Police rule out Novichok link to Salisbury diners becoming ill

Ambulance and emergency service workers outside Prezzo in Salisbury on 16 September 2018 Image copyright Getty Images
Image caption Police said the cordon in the centre of Salisbury was a "precautionary measure"

Police say there is "nothing to suggest that Novichok" was the cause of two people falling ill at a restaurant in Salisbury.

Wiltshire Police declared a major incident after a man, 42, and a woman, 30, became ill at Prezzo in High Street on Sunday evening.

A cordon around Prezzo remains in place and tests are continuing to establish the cause of the illness.

Police say they are no longer treating the illness as a major incident.

A Wiltshire Police statement said: "Due to recent events in the city and concerns that the pair had been exposed to an unknown substance, a highly precautionary approach was taken by all emergency services."

The two people affected were taken to Salisbury District Hospital and remain under observation.

Det Sgt Jonathan Davies-Bateman said: "Although we were able to rule out the presence of Novichok quickly, tests are ongoing to understand what, if anything, the pair have come into contact with which may have caused them to fall unwell.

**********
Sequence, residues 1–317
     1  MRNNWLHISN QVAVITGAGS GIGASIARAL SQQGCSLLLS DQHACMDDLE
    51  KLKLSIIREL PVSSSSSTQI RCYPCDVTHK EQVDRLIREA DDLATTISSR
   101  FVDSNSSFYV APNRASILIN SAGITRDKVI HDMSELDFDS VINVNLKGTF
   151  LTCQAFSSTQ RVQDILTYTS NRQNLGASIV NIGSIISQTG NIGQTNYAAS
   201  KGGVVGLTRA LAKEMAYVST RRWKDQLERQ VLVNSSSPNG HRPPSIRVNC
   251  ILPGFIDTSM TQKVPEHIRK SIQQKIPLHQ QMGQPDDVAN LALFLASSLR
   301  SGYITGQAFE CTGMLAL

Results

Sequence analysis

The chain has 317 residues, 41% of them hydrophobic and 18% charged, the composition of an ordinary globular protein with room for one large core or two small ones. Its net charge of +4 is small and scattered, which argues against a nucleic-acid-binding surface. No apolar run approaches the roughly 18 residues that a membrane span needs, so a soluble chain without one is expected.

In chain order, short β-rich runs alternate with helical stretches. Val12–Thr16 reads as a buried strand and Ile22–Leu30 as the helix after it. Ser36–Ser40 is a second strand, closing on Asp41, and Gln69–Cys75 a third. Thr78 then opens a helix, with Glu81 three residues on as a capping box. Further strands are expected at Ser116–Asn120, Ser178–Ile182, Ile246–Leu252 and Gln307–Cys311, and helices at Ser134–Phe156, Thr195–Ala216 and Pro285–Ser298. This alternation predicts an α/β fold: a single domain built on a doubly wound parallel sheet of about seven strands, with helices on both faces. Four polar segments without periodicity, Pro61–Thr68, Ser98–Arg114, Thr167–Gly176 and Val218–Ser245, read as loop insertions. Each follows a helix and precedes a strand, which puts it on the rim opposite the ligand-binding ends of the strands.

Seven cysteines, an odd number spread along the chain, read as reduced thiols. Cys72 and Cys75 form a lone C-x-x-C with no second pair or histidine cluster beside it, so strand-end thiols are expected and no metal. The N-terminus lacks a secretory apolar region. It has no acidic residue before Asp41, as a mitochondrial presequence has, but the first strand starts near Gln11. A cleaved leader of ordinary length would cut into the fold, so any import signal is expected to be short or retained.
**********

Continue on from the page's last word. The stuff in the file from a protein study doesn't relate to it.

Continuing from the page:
"It is crucial that this is done methodically. At this stage, it is unclear as to whether or not a crime has been committed."

Image copyright PA
Image caption A cordon around Prezzo remains in place and tests are continuing

In March Russian ex-spy Sergei Skripal and his daughter Yulia collapsed in the centre of Salisbury after being exposed to the nerve agent Novichok.

After weeks in hospital they were released, but in June two Amesbury residents fell ill after being exposed to the same nerve agent. Dawn Sturgess, 44, died and a murder inquiry was launched.

The UK government has accused two Russian men, Alexander Petrov and Ruslan Boshirov, of attempting to kill the Skripals.

But in an interview on a Russian state-run news channel, they claimed to be tourists. Russia has denied any involvement in the poisoning.

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